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  2. I read this with interest. I have no doubt that serving food is a vital part of running most pubs but it is the extent of it which becomes a problem. Even when there is a designated drinking area, they can't help overflowing diners into it with the accompanying food smells. You do not want pan fried cod pongs tainting your porter.
    My local showed football in every corner but to their credit realised the lounge end didn't want the TV. It's now mostly off.
    The problem with canned music is it reflects the taste of the bar staff and as they are usual young, the music is usually garbage.
    My personal hate is mobile phones. Text conversations accompanied by the alert every 30 seconds. People playing some ghastly video that everybody can hear. Managers really need to stamp down on this antisocial nightmare.

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    1. Nor do you want to be climbed over by children or dogs. I agree with the writer's list of detractions too.

      I thought that I was in the hate-the-high-tables stable, but TBH, some of the chairs are rather comfortable, they get you above the pets and kids, and they discourage them from entry in the first place, so I'm being won over.

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  3. No objection at all to them serving food, just that designating the main lounge as a diners-only area makes it unwelcoming to drinkers, especially when the other room is full of people watching the football.

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  4. It's surprising how careless pubs can be about adding music and TV. It doesn't appear to add too much when everyone does it, it drastically changes a pub and it's not cheap.

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  5. If larger parts of its area are dedictated to dining, then it's a restaurant with a bar, not a pub. That's not neccessarily a bad thing, but most dry led chain pubs are only interested in consistency; Consistent bland with few exceptions...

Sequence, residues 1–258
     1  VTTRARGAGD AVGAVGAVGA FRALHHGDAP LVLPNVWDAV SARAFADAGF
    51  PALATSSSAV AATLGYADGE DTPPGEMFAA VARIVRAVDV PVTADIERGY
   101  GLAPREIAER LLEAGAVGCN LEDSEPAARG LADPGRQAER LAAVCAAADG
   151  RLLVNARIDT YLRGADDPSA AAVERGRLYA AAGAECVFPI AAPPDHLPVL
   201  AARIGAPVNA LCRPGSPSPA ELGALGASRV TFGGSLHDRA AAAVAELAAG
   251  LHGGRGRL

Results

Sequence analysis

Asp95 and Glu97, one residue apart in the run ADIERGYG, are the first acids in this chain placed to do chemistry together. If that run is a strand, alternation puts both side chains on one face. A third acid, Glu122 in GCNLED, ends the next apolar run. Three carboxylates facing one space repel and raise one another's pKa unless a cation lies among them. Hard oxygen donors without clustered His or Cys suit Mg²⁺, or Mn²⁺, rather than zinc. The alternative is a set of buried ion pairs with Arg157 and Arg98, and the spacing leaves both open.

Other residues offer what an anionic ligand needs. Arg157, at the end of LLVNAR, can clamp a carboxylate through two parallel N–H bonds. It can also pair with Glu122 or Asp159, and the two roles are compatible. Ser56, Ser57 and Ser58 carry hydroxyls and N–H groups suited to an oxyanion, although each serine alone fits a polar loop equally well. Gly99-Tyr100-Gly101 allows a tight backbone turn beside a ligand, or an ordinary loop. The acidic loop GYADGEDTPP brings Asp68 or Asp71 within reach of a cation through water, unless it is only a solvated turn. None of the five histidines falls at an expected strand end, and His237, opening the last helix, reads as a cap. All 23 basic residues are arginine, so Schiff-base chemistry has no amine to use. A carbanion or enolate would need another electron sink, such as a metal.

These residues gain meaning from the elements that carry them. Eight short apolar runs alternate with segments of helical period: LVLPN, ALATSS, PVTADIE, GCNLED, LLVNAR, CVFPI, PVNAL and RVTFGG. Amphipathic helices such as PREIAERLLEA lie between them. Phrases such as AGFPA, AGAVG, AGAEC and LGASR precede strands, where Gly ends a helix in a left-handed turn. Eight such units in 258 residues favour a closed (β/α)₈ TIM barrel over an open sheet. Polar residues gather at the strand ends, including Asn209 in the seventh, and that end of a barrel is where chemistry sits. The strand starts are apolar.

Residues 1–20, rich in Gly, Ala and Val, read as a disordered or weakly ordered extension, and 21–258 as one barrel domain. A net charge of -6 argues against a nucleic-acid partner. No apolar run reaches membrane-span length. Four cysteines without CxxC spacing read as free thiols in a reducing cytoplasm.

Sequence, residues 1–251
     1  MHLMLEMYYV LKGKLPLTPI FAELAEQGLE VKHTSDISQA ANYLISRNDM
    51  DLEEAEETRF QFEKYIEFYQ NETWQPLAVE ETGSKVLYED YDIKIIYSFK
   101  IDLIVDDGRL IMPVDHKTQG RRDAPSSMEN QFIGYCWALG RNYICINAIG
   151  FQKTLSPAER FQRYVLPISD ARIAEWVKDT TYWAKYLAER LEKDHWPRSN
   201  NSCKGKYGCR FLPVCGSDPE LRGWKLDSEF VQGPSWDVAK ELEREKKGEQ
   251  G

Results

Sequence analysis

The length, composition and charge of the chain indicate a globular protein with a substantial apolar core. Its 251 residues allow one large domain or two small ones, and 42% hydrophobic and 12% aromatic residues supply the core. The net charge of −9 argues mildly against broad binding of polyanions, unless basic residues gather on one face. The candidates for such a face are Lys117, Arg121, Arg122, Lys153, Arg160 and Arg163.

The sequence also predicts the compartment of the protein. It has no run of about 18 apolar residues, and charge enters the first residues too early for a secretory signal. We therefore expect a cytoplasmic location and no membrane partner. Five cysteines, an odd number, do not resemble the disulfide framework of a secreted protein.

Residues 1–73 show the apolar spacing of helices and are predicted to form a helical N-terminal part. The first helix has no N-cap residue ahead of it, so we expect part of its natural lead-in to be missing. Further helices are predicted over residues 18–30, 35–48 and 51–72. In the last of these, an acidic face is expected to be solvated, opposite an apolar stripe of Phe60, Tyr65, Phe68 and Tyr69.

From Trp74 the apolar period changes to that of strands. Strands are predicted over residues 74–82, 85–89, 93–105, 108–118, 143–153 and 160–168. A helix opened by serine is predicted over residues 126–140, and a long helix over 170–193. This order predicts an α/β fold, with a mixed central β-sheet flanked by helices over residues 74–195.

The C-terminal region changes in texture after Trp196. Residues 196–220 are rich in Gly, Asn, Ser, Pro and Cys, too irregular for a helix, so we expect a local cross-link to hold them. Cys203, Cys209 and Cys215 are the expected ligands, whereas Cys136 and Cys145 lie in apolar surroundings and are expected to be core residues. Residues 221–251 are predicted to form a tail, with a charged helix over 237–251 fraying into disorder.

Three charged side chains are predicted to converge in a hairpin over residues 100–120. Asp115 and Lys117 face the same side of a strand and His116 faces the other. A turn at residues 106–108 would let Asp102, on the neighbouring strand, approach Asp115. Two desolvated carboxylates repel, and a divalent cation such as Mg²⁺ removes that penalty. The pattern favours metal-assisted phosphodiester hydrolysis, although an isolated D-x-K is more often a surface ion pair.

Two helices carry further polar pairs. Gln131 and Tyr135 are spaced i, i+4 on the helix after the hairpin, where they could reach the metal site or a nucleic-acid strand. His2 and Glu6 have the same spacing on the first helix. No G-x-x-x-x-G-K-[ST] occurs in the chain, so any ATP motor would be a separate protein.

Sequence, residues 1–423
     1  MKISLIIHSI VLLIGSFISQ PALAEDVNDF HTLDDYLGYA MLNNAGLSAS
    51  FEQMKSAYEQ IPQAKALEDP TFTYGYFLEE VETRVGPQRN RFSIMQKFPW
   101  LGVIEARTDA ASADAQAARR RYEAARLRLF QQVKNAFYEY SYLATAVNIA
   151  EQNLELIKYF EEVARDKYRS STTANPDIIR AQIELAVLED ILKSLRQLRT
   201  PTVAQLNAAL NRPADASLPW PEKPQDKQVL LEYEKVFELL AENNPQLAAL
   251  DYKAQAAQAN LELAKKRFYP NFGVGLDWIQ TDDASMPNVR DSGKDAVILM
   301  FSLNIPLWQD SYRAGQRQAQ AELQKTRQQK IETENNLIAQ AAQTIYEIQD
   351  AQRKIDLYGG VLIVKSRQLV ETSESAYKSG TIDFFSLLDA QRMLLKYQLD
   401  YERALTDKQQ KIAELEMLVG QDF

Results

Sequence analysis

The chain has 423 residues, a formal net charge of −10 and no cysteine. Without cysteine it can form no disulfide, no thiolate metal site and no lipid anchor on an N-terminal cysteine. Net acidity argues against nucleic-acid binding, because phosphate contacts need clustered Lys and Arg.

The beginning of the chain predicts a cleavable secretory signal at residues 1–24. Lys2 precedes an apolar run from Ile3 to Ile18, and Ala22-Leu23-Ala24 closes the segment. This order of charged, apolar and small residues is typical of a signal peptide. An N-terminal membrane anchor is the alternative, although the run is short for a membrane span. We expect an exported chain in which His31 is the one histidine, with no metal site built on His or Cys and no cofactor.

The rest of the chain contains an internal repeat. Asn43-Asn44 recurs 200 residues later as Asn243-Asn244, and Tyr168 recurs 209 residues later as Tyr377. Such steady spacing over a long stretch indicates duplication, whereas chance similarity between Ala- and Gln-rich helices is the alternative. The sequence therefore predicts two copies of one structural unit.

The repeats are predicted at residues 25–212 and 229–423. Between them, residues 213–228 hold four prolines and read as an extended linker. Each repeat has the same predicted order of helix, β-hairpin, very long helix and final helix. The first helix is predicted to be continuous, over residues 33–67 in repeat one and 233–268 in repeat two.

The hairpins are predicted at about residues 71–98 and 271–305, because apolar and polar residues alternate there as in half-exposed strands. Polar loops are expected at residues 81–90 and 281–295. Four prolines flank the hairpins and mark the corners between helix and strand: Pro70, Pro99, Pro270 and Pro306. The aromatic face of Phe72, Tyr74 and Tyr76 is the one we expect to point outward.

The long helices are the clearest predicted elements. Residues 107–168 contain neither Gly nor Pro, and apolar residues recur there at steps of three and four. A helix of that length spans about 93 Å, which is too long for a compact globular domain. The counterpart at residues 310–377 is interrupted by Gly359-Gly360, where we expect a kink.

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    1. No no no! A pub that sells food rarely deserves the sobriquet restaurant. In a restaurant you are greeted on arrival by a flunky and seated at your table with a menu. A waiter then comes to take your order and brings your drinks. Throughout the meal the waiter is attentive to your needs and will bring you further drinks on request.

      How many dining pubs meet those criteria? Most of them are just licensed snack bars, usually understaffed to the point where service is an abstract idea..

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  6. I think we're heading the way of the micro these days. Places with a switched-on local beer-loving presence and a willing clientele of drinkers will always find places for a micro. I love my local micro. We have several in the local area.

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    1. Not really a huge fan of micropubs, for the reasons I gave here. To be honest, I've yet to find one that I'd want to have a second pint in.

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    2. The one real bone of contention I have with micropubs is the extremely uncomfortable seating arrangements. A rethink may be needed.

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    3. Micropubs are great as they keep the beardies out of regular pubs. They are all happy listening to a talk on IPA in a pokey former chip shop and the rest of us can have a burger and chips in comfort without people sniffing their beer.

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    4. How about the inadequate toilet arrangements as well?

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    5. Maybe that could be a business idea, get a micropub and deck it out in Victoriana. The buildings are mostly victorian and their small floor space would mean that it's unlikely to be unrealistically expensive:curved wall benches, darkwood bar backs, fireplaces, snob screens, everything. "Standing coffin" urinals can be had for nothing from ebay that have been ripped out of normal pubs during "renovations".